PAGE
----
Monday Morning Musings

Posted on August 24, 2020 under Monday Morning Musings with one comment



Inukshuk in Kangiqsujuaq

Cairn Park – Antigonish


Inukshuks dot the landscape in the north.

Cairns are ubiquitous in Scotland and other parts of the world.

What is it about these wonderful stone markers?

A short time ago, I posted a picture that I took on one of my walks here in Kangiqsujuaq. On the outskirts of town, there is a large inukshuk, a popular gathering place to watch the northern lights. It is what I would refer to as the classic image that southerners most easily recognize. The next time that I saw a large pile of stones, it closely resembled the Scottish cairns with which many in my part of the world are familiar. I actually referred to it as a cairn. It didn’t take long for me to be corrected. I was told that even though the shape was different from the more recognizable inukshuk, this was indeed an inukshuk.

So began my exploration of the origin of cairns and inukshuks. Here is an explanation of both, paraphrased for your reading pleasure.

“The Inukshuk is a symbol with deep roots in the Inuit culture, a directional marker that signifies safety, hope and friendship .Inukshuks are the most important objects created by the Inuit who were the first people to inhabit portions of Alaska, Arctic Canada and Greenland. The term Inuksuk (the singular of Inukshuk) means “to act in the capacity of a human. “It is an extension of Inuk, meaning “a human being.”

These stone figures were placed on the temporal and spiritual landscapes. Among many practical functions, they were employed as hunting and navigational aids, coordination points, indicators, and message centers. In addition to their earthly functions, certain Inukshuk-like figures had spiritual connotations, and were objects of veneration, often marking the threshold of the spiritual landscape of the Inummariit – the Inuit who knew how to survive on the land living in their traditional way.

Inuksuit (the plural of Inukshuk) serve in a spiritual capacity to indicate a place where life is renewed or where spirits reside; where judgments or decisions are made and where celebrations and festivals are held. The Inukshuk, by standing along the way, may guide seekers on their journey helping them to find the way forward as well as the best path to their spiritual home. An Inukshuk may also indicate an object that should not be approached or touched, or an object that brings good fortune.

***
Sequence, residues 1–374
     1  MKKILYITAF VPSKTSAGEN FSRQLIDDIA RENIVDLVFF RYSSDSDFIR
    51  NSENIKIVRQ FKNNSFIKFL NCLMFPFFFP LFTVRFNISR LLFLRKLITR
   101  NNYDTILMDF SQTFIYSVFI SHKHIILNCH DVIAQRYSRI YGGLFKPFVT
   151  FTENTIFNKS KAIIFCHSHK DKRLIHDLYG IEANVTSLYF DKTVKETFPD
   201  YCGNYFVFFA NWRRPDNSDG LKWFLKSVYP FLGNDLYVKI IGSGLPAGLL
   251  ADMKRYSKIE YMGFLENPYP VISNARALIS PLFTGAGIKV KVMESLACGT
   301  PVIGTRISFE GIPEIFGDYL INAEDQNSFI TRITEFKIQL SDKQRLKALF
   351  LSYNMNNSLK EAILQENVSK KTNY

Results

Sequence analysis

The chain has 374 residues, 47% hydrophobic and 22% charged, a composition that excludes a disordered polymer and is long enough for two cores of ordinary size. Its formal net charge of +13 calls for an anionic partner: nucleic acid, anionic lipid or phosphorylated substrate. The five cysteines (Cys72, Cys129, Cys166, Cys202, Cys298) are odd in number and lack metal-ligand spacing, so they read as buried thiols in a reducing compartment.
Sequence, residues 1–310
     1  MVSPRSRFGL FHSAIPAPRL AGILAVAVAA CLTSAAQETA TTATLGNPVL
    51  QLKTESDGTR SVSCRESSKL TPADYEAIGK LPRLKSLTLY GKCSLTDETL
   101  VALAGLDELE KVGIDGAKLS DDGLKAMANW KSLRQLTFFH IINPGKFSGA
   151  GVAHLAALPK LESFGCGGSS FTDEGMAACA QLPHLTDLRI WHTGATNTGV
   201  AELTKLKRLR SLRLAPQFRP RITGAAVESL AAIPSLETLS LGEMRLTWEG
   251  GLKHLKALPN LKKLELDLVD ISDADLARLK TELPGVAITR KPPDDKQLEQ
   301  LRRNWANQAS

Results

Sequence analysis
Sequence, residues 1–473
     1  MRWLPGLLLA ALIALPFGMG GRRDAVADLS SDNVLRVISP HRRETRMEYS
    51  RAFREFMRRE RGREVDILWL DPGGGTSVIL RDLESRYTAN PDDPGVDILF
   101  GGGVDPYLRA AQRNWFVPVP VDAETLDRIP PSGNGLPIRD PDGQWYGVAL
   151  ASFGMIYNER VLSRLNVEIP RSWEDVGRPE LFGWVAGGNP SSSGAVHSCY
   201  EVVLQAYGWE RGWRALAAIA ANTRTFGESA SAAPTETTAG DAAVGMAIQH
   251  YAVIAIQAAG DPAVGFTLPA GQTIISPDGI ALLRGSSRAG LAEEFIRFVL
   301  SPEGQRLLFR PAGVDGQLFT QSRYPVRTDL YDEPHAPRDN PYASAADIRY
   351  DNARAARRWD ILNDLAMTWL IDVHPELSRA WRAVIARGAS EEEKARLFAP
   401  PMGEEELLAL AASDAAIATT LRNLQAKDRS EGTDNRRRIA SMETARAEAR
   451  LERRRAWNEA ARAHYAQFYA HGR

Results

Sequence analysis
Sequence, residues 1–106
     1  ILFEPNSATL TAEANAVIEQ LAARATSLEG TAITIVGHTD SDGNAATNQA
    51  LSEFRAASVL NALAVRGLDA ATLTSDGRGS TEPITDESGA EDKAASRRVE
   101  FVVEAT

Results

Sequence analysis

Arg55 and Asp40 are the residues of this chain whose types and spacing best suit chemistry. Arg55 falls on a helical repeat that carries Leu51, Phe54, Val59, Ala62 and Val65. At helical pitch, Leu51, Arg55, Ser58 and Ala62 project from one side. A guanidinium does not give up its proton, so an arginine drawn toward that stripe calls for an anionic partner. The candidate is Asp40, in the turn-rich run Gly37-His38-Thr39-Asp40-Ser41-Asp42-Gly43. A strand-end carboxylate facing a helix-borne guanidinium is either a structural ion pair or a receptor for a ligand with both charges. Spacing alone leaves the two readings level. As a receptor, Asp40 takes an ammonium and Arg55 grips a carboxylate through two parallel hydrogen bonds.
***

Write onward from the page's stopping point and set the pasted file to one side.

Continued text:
The skill of building an Inukshuk is traditionally passed down from one generation to the next. Each stone structure has a purpose, such as pointing the way to a good fishing spot or indicating where meat is cached. Inuksuit are used as directional markers and functions as instruments of navigation and astronomy. The longest arm may point to the closest village where you will find safety. Some will point to Niqirtsuituq or the north star.

The Inukshuk is a symbol of the human spirit. It recognizes our ability to succeed with others, where alone we might fail. It reminds us of our need to belong to something greater than ourselves and prompts us to reconnect with our individual responsibility to invest our efforts today so that we may all have a better tomorrow.

When you look at an old Inukshuk, you are seeing more than just a stack of stones. You are seeing the thoughts of another person left upon the land.” Norman Hallendy


The following passage refers more to cairns popular in Scotland.

“A cairn is a group of stones carefully arranged on top of each other. These man-made mounds , used since the prehistoric age, take on a number of roles and have guarded various landscapes for thousands of years, withstanding both the ferocious elements and the test of time.

Derived from the Scottish word “carn”, meaning “heap of stones”, cairns are ancient markers with Scottish roots found across the globe. Since prehistoric times, cairns have served as landmarks as well as burial monuments. Some experts state that many of these ancient stone stacks were also built for astrological, ceremonial, and hunting purposes. Indigenous people in places like Alaska and Greenland (and Canada’s north) have relied on such markers for centuries. Seafarers used cairns for navigating long before lighthouses entered the equation.

In Scottish folklore, Highland clan members would each place a stone on a pile before battle. The surviving warriors would subsequently remove their stone, leaving the remaining ones to transform into a memorial cairn for the fallen. The act of adding a small stone to a cairn, especially on a hilltop, is a deep-rooted Scottish tradition that signifies respect. By adding this rock, you are preserving the integrity of the monument and helping to protect it from harsh weather.

When the cairn marks a grave, the old Scots Gaelic blessing ‘Cuiridh mi clach air do charn’ or ‘I’ll put a stone on your cairn’ becomes relevant. The gesture is a way of saying ‘I’ll always remember you’ or ‘You will not be forgotten’. Torie Chalmers.

While this is not an exhaustive dissertation on the topic of Inukshuks and cairns, I thought you might find it interesting. I know I will view them differently when I pass them here in the north or back home.

Have a great week.

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